"This number keeps being reinforced because of the way research studies are designed," says Prof Catrine Tudor-Locke of the Center for Personalized Health Monitoring at the University of Massachusetts Amherst. "So, the study might find that 10,000 helps you lose more weight than 5,000 and then the media see it and report: ‘Yes, you should go with 10,000 steps,’ but that could be because the study has only tested two numbers. It didn’t test 8,000, for example, and it didn’t test 12,000."

For those who are chronically ill, have type 2 diabetes, or older individuals who are used to a more sedentary lifestyle, there are now concerns that making a rapid jump to 10,000 steps a day could have adverse consequences. For others, the milestone may seem intimidating and can derail intentions to increase daily physical activity.

"We know that sedentary lifestyles are bad, and if you’re taking fewer than 5,000 steps a day on average this can lead to weight gain, increase your risk of bone loss, muscle atrophy, becoming diabetic and this litany of issues," Tudor-Locke says. "But, at the same time, there seems to be an obsession about 10,000 and how many steps are enough, yet it’s more important, from a public health point of view, to get people off their couches. The question we should really be asking is: how many steps are too few?"

Some studies investigating the protective nature of exercise against chronic illnesses ranging from heart disease to stroke and various forms of cancer, such as breast cancer and reproductive cancers, suggest that somewhere between 6,000 and 8,000 steps could be the lower boundary to aim for.

"Six thousand steps and above is getting you into that range of what these studies are showing and is protective against cardiovascular disease, in particular," Bassett says. "And for people who have elevated risk factors to begin with, this can cause an improvement in those risk factors."

Scientists who have attempted to calculate an exact number of steps that equate to the public health guidelines of 30 minutes of moderate exercise per day, have found that we should perhaps aim for a minimum of 7,500 steps.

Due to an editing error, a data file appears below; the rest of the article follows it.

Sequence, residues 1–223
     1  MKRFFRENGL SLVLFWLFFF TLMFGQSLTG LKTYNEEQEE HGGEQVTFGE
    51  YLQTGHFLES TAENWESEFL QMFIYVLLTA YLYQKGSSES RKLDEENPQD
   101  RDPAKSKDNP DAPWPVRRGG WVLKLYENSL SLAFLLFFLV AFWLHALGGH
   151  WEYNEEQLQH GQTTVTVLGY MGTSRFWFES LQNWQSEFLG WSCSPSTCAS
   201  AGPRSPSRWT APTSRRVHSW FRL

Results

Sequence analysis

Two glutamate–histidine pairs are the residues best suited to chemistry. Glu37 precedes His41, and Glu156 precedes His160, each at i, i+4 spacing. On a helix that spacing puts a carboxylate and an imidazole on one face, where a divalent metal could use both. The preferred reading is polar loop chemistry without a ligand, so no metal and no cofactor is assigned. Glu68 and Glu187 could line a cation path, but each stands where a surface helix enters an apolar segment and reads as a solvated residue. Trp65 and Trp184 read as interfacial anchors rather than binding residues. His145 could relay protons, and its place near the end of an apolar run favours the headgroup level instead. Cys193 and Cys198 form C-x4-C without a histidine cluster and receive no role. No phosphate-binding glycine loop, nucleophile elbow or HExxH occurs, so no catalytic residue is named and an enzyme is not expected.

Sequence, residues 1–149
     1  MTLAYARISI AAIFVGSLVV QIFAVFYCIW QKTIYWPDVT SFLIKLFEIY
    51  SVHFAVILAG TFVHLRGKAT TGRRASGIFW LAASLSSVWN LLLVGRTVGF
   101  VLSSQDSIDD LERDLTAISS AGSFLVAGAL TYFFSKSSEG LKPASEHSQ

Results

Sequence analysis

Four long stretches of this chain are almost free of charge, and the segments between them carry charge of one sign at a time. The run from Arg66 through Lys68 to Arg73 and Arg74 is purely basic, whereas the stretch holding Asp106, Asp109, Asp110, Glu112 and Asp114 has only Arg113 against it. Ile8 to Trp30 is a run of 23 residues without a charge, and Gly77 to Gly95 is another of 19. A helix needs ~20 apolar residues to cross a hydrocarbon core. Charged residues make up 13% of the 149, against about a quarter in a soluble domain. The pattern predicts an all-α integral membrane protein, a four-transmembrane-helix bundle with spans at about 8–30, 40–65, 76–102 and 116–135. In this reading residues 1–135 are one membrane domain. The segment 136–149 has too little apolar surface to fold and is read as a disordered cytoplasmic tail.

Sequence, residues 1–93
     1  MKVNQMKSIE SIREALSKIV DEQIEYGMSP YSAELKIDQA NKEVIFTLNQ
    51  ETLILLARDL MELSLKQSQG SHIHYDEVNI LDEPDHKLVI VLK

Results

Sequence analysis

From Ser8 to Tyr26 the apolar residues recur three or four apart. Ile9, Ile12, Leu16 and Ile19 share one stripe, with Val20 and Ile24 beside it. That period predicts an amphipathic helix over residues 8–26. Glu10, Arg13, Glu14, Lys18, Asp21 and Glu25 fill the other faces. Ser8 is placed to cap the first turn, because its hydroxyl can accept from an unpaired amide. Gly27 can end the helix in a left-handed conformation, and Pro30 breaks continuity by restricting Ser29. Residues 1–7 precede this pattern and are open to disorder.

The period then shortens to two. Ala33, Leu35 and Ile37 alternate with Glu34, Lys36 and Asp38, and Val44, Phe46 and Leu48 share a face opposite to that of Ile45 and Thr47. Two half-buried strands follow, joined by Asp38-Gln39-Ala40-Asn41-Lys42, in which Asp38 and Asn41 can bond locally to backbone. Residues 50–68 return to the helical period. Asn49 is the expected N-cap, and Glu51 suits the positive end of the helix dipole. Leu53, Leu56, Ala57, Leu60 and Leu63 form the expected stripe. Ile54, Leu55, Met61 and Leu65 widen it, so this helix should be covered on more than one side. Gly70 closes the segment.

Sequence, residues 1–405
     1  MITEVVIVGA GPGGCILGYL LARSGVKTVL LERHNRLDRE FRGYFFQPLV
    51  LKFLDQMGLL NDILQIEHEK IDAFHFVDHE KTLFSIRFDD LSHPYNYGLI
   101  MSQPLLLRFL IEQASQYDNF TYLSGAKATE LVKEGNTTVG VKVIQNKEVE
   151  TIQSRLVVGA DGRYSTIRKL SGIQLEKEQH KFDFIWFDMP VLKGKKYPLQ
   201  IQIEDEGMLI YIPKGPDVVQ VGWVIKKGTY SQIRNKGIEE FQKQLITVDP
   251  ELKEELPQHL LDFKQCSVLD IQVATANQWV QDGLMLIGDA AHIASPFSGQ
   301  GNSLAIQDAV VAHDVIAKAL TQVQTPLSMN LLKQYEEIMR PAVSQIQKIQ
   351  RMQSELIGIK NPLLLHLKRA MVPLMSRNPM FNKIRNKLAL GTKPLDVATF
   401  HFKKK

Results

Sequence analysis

But while the rise of the step-counter industry has led to a generation of fitness lovers fixated on achieving 10,000 steps, there is also currently no known upper ceiling on how much is good for us. Exercise scientists are currently trying to conduct studies to see whether 15,000 or even 18,000 steps have long-term health benefits over the traditional 10,000 benchmark.

Scientists who have studied the Amish people in rural Canada, who use no motorised forms of transport, have found that they average 14,000-18,000 steps a day, while a study of Japanese patients with type 2 diabetes from the mid-90s found that those who averaged about 19,000 steps a day had far better outcomes compared with those who remained largely sedentary.

One of the major problems with the 10,000-steps-a-day goal is that it doesn’t take into account the intensity of exercise. Getting out of breath and increasing your heart rate may well be even more important than the exact number of steps taken. Researchers are currently conducting studies to see whether people who take 10,000 steps a day merely by pottering around their house achieve the same health benefits as those who do so by brisk walking or playing sport.

"More recently, scientists have started looking at cadence, which is the idea of step rate or frequency of stepping," Tudor-Locke says. "When intensity’s better, your heart is pounding a little faster, more blood goes through your body, things are crossing the cell wall that need to; all these things are happening quicker."

In June of 2018, Tudor-Locke published some of the first findings on this, in a paper titled How fast is fast enough? It suggested that a minimum of 100 steps per minute is required for exercise to be beneficial. "This is the kind of pace which you naturally ascend to when you’re doing purposeful walking," she says. "But this is just the beginning of this area of research: looking at how healthy people are not just by how many steps they’ve taken, but the rate at which they’ve done it."